Posted on: August 23, 2019 | Written By: Doug Oster |
Everybody Gardens editor Doug Oster gets asked a lot of questions. A lot. And he doesn’t mind offering gardening advice. But rather than just limiting those answers to the person who asked, we thought it might be a good idea to share that wealth of knowledge with everybody.
There are three ways to send in your questions:
(The questions may be lightly edited for grammar/clarity/etc.)
Lorraine: Some of the dahlias I planted this year have grown tall and bushy but with blooms on stubby little stems 2 to 4 inches long, too short to cut for a flower arrangement. Other dahlias aren’t bushy at all but have just one or two very thick, very tall sturdy stems with only one or two buds at the top. Do you know what would cause these problems?
Doug: These problems are nothing to worry about as there’s nothing you can do about them. Each variety of dahlias will bloom differently and present the flowers in their own way. The weather will also affect how the plants bloom. Enjoy the flowers as they are. Don’t forget, dahlia tubers can be saved over the winter indoors if you’re interested.
Ray: About four weeks ago, I planted 30 rose of Sharon plants in the backyard to make a privacy hedge. On five of the plants, a quarter of the leaves are turning yellow and falling off, making those five look thinner. All other plants are really healthy. Any thoughts?
Doug: All you can do is make sure they have the water they need. The good news is that rose of Sharon is almost indestructible. I would assume they will come back when things cool off.
Dianna: Several years ago I got cow manure from a local farmer. He told me the manure was over one year old and not hot. I was very excited thinking my garden is going to love this. Well, my garden did horrible that year and has gone downhill ever since. I have the soil tested every year. The PH level is off the chart so I was told to put Urea fertilizer on it, and I followed the instructions they had given me. I did OK last year but had it tested again with the same results. So, again I used the Urea. This year is probably the worst year I have had. My tomatoes are barely growing; my lima beans are all plant and flowers but NO BEANS. And zucchini plants are huge but not one zucchini. I need all the help I can get.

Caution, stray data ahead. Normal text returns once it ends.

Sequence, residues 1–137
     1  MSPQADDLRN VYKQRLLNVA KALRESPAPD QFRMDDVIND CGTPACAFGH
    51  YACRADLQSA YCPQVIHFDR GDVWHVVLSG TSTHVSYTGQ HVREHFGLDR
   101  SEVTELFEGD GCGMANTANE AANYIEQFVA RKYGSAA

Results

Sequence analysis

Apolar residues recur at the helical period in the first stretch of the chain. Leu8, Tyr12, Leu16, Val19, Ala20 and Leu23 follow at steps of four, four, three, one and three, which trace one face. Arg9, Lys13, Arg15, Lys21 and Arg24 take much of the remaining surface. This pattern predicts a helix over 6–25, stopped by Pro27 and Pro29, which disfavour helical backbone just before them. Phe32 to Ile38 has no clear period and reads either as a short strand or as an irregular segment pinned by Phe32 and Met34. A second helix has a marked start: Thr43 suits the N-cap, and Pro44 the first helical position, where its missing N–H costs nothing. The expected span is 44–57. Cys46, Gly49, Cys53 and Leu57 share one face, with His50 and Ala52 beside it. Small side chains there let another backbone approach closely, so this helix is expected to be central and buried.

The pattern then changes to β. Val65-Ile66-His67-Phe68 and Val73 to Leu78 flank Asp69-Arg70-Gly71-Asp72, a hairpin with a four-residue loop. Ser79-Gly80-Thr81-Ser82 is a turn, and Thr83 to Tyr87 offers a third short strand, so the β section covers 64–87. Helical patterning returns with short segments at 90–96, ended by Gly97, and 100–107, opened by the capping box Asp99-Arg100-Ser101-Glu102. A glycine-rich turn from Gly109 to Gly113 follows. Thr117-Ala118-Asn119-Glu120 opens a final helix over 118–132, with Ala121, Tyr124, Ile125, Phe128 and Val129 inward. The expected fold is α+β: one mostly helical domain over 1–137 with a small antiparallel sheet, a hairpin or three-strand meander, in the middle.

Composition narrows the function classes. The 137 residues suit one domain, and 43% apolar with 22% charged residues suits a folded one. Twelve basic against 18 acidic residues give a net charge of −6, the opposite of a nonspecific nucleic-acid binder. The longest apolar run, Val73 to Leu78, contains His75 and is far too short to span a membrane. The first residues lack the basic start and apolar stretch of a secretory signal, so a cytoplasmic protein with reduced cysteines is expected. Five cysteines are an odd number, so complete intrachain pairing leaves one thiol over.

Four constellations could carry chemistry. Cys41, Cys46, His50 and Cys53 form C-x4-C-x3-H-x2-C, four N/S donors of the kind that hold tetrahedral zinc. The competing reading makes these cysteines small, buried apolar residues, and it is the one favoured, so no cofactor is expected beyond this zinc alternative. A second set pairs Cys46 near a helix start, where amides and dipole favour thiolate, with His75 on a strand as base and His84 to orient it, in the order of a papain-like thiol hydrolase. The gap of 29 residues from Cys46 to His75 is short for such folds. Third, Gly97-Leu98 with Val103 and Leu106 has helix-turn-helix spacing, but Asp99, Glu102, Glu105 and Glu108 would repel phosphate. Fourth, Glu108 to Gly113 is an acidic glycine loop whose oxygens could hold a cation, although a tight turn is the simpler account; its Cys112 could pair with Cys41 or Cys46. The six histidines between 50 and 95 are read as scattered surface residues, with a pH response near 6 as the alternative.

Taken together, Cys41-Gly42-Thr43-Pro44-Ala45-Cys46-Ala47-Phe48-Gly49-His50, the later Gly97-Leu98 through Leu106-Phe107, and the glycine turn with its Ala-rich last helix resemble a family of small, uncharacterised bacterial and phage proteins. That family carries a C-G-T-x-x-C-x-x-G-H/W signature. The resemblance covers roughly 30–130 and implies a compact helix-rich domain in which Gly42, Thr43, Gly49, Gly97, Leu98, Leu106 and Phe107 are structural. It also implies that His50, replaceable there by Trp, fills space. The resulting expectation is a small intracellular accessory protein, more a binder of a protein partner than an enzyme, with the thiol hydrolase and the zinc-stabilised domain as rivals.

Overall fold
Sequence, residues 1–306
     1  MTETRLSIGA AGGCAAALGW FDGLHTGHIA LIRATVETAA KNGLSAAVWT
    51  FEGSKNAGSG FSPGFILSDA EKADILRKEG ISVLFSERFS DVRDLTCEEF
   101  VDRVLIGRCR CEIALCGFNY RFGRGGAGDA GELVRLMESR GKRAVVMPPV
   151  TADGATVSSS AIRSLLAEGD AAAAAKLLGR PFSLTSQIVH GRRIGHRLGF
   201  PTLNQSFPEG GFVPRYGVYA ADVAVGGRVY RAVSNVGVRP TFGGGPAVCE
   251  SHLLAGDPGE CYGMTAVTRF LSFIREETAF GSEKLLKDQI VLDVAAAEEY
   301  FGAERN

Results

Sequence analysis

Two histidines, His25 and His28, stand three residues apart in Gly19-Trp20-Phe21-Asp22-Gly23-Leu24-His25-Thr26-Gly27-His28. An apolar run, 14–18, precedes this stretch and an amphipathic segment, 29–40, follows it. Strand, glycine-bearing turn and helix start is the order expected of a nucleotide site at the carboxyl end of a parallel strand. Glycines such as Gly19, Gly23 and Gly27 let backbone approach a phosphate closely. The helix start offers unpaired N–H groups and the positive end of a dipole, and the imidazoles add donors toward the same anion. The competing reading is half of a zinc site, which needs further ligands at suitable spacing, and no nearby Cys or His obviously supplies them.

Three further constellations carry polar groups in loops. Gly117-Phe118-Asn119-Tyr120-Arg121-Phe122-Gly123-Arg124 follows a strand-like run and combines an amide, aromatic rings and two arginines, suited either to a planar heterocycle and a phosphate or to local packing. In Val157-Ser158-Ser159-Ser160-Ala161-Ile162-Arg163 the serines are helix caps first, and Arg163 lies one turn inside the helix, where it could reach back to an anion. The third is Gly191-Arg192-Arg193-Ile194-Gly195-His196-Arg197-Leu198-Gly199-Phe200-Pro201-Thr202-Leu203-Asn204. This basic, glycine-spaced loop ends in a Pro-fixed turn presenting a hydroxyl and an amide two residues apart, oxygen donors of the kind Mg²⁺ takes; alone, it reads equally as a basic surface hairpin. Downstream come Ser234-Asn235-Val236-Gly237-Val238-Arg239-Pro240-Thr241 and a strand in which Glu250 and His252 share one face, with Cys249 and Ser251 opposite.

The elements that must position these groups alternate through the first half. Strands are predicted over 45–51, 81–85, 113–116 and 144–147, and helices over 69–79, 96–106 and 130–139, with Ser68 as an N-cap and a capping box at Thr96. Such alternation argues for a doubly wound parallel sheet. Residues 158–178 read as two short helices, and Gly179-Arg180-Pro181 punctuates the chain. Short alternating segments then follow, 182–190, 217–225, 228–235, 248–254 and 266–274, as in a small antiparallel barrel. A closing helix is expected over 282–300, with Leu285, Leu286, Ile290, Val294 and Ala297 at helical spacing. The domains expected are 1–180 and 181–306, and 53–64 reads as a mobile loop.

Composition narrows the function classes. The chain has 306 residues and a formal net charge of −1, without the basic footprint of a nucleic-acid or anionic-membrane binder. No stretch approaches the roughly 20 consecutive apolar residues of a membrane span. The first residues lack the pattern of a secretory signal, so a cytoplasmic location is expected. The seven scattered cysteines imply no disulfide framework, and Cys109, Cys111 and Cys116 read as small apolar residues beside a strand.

Doug: Fertility and pH are critical to healthy plants. The Urea will help the fertility, but you need to address the pH issue. Take a look at the soil test and see what they recommend for the pH.
One thing to do while you are working on correcting the pH would be to grow in straight compost. It’s usually very close to 6.5 pH and has all the nutrients the plants need. When I have an area that’s not doing what it’s supposed to do, I dump a few bags of compost and I’m ready to go.
Delaney: I have these swarming a few of my tomato plants and my only artichoke plant (which is precious to me). Does anyone know what they are and the best way to get rid of them, or if they’ll harm my plants at all? Any help would be appreciated. I have neem oil right now, but I don’t know if it works on bugs like these.
Doug: I think it’s a young stink bug. The only thing I know to do is flick them into some soapy water.
Frauke: When should I stop deadheading echinacea, liatris and sunflowers to keep seeds for birds or pollinators?
Doug: Right now … let them grow for the rest of the season to help the birds.
Doug Oster is manager and editor of Everybody Gardens with a passion for gardening and a love of sharing is experiences with other gardeners. You will also find Doug’s gardening contributions in the Tribune-Review each week. He’s an Emmy Award winning producer, television host and writer. Oster is co-host of The Organic Gardeners Radio show every Sunday morning at 7 a.m. on KDKA radio in Pittsburgh. Oster’s Outstanding Documentary Emmy was awarded for Gardens of Pennsylvania, a one hour special he conceived and produced for the PBS affiliate WQED. Doug appears every Thursday morning on KDKA-TV’s Pittsburgh Today live at 9 a.m. “Gardening is fun, he says, enjoy every day spent outside tending vegetables, flowers, shrubs and trees.”